CLEANSING THE SOUL of the Ghats of Varanasi

Just go to Assi Ghat and see for yourself. The place is completely unrecognisable. It is so clean that now you can actually get to see the real beauty of this place,” says the localite.

WORDS BY- AABHA TIWARI

BANARAS is a place where people visit to seek soulful peace, divinity and the quiet serenity of the Ganges. It is a perfect place to enjoy a natural as well as religious vacation.

It is a true heaven for travel wanderers, history enthusiasts and prominent religious crowds, this city is said to have one of the oldest settled civilisations of the world.

Amongst other things, Varanasi is also known for its many ghats that open up to the River. Historically, it was rebuilt after 1700 AD, under Maratha reign.

The Ghats in Varanasi are the steps of riverfront leading to the banks of the Ganges. The city has a total of 88 ghats and is associated with mythological stories, while other ghats are privately owned.

Most of these are used for the purpose of bathing and performing religious ceremonies. Specifically two ghats are used as cremation sites. One of the oldest Ghats of the cities are: Manikarnika and Harishchandra Ghats and they are specifically used to perform the oldest yet the most controversial religious practice of cremation. The practice has become controversial because of the water pollution it causes and many failed attempts to change the beliefs of the people.

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Architect Geetika Verma and Kartik Shrivastav, Assistant Professors of Amity University, while presenting their paperwork in “finding the cause of water and Ghats pollution of Varanasi”, laid emphasis on the deterioration of the water quality and its serious implications for the supply of water for drinking, and irrigation. “Nearly all kinds of wastes coming out of Varanasi, from sewage inflow, industrial waste, animal carcasses, unclaimed human bodies and other kinds of biodegradable as well as non-biodegradable waste is being dumped in the Ganga”, says the duo in their research paper.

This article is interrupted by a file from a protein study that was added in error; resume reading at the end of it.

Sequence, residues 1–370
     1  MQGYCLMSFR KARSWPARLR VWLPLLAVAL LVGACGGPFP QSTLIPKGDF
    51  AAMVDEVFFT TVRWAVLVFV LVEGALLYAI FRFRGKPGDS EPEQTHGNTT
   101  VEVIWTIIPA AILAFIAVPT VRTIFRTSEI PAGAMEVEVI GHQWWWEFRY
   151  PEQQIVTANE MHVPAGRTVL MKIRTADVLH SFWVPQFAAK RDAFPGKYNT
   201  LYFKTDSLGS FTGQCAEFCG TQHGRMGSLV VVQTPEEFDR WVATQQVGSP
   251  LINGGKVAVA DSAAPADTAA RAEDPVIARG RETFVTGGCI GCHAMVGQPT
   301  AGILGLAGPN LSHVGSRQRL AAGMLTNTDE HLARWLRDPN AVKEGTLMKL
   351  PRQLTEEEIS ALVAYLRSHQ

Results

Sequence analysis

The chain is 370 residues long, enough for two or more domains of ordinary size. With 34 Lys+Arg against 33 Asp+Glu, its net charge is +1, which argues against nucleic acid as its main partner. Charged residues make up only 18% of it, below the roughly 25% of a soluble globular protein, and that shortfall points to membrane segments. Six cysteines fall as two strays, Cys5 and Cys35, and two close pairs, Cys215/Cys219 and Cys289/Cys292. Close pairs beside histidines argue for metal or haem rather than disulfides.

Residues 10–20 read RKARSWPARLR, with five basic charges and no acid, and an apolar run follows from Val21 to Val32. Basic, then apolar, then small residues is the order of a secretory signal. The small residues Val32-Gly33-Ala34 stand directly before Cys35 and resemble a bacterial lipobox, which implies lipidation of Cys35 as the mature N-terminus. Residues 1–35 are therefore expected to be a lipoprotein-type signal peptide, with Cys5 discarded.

One can observe the negative effect of disposing the liquid waste, untreated sewer water and cremation ground (Manikarnika Ghat) of Varanasi City. As per various studies conducted on environmental degradation issues, it has been deduced that the cremation activity is recorded to have one of the most serious impacts on the environment of Varanasi.

It affects the environment, the human health and overall economy of the country, it adds. The Ganges has been constantly at risk of high levels of pollution from sewage or as a result of cremation.

It emerges as great concern to save and clean the river Ganga along with the Ghats in its vicinity.

WIPING THE REALITY:
The Swach Ganga Research Laboratory in Varanasi conducted regular water quality tests and found the FCC (faecal coliform counts) ranges between 16,000 to 60,000 mpn per 100 ml of water. These ranges far exceed the permissible limit.

THE PROBLEMS WITH MANIKARNIKA GHAT
If mythology is to be believed, it is said due to the presence of the Temple Tarakesvara (Lord Shiva’s temple at the ghat), which says that Lord Shiva whispers the Taraka mantra in the ear of the dead due to which the dead gets Moksha (liberation of the soul). Due to this reason, dead bodies are burnt there. The environmental degradation and water pollution near Manikarnika Ghat are caused by increasing number of anthropogenic activities such as disposal of solid wastes which even include garbage, unclaimed human dead bodies, half-burnt bodies, plastic bag and animal carcasses.

REJUVENATION OF THE GHATS
Under the program of “Namami Gange”, a wide approach has been laid out to stop the pollution flowing into the river and ensuring cleaner Ghats. From sewage treatment plants, Ghat improvement to river surface cleaning, many other steps are being taken in Varanasi by National Mission for “Clean Ganga” to save the city from rising river pollution levels.
In addition to building the sewage plants, there has been major development on the river Assi and Varuna. Many policies has been laid out in rehabilitation of old sewers and management of the entire sewage management infrastructure in Varanasi.
A cleaner Ganga is incomplete without equally clean surroundings. A Delhi-based Company – Environmental Infrastructure signed up with the Urban Development Dept. of Varanasi Nagar Nigam to provide door-to-door garbage collection and street cleaning services in the historic city. The cleaning sectors cover the Ghats, which are densely populated and receive a significant amount of floating population. The tie-up can be called successful, with their end-to-end approach to the waste collection system. The Government of India too is working towards cleaning 84 heritage Ghats under Namami Gange Program, which has shown positive results.